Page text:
She could have gone online to save a few bucks, but experience had taught her that this was more timeconsuming than contacting airlines directly by phone in the off hours. Normally Julie followed the rule of three—call three airlines, three car rental agencies, three hotels, whatever, and then strike a rational balance between price and amenities. She got off to a bad start with an airline representative who sounded like a seventeen-year-old rap wannabe. It had the cheapest fare, but with two stops in mid-winter Russia, combined with her lack of confidence in their maintenance of the planes, she decided against it.
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Hmm, maybe Emirate Airlines is worth a try. They had some cheap flights, the shortest layovers, and their route usually precluded storm delays. But the issues of security and of stops in the Middle East gave her pause. True, these days the Emirates were totally global, cosmopolitan, and even alluring to Western tourists, with fabulous new airports, shopping malls, resorts, and moderate religious aura, but still.
Nope, she decided, Air India was probably the logical choice after all. Their midmorning arrival in Mumbai was convenient, although she knew that her return trip to New York would leave at an ungodly hour in the middle of the night. With her travel dates fixed, Julie contemplated the unpleasant task of informing her department chair, Walter, that she would have to give her final exam in the last class meeting before the official end of the semester three days before the holiday break.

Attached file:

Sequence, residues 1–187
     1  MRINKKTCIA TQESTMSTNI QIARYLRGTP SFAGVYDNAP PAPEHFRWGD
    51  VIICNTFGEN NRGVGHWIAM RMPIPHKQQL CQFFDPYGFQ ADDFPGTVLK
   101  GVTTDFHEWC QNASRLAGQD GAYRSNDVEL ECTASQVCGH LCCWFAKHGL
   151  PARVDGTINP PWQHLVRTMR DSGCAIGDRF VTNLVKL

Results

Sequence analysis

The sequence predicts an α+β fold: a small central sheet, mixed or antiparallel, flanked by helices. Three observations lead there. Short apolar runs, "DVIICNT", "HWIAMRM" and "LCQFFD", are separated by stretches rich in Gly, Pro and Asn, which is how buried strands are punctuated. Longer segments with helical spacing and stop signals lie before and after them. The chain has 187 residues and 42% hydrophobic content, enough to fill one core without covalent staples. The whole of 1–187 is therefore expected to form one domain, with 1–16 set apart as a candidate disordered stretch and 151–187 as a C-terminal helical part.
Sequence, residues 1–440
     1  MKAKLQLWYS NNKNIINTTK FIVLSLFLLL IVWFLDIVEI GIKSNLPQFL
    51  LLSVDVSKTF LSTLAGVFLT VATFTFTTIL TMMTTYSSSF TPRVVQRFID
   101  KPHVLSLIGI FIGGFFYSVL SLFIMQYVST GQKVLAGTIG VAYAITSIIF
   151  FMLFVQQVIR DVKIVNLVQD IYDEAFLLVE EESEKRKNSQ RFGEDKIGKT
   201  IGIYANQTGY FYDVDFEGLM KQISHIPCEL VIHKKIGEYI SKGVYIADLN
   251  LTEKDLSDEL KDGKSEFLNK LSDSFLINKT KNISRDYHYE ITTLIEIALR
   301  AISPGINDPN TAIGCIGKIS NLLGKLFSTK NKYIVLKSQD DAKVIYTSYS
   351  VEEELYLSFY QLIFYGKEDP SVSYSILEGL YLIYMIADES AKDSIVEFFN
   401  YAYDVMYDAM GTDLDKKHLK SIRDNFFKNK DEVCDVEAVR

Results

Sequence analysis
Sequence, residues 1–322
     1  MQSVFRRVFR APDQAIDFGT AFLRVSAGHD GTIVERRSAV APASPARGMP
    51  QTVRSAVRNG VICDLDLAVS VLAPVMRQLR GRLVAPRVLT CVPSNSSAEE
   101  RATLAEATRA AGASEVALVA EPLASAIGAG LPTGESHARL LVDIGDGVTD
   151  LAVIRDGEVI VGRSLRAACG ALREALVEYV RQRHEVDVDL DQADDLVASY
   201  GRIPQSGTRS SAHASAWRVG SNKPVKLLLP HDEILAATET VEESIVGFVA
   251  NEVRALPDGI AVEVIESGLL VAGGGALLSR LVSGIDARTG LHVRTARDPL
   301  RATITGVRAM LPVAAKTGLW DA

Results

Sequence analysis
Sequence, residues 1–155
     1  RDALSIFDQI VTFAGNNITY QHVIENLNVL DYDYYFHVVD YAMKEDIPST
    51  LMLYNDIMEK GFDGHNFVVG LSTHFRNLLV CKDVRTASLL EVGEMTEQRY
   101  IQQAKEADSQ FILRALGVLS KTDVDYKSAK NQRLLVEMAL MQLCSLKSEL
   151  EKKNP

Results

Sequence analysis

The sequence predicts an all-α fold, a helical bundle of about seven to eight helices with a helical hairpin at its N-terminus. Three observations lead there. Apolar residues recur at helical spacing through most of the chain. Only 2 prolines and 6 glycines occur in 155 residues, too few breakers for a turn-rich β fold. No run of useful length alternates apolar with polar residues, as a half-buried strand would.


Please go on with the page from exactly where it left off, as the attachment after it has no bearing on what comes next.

The university frowned on this truncation of the official semester, and Julie herself was reluctant to do it, but the wedding festivities Shakuntala had arranged for her to attend were too important to her research to miss. He scolded her for even hesitating to ask him. Julie had frequently encountered the pressures these kinds of cultural demands put on people as many of her students were from immigrant societies.
They repeatedly had to come late or miss class because they were meeting their relatives at the airport or had other, similar obligations. As an anthropologist and, she hoped, a caring teacher, Julie was more than sensitive to these requests.
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Yet at the same time, she felt it was not a good precedent to accede to them. After she finished her meeting with Kwame, she ruminated, not for the first time, on how important it was to have the support of good friends and colleagues. Americans liked to think of themselves as totally independent folks, but actually things worked here pretty much as they did in India, where one good turn led to another. Despite having lined up Kwame, Julie dreaded seeing Walter.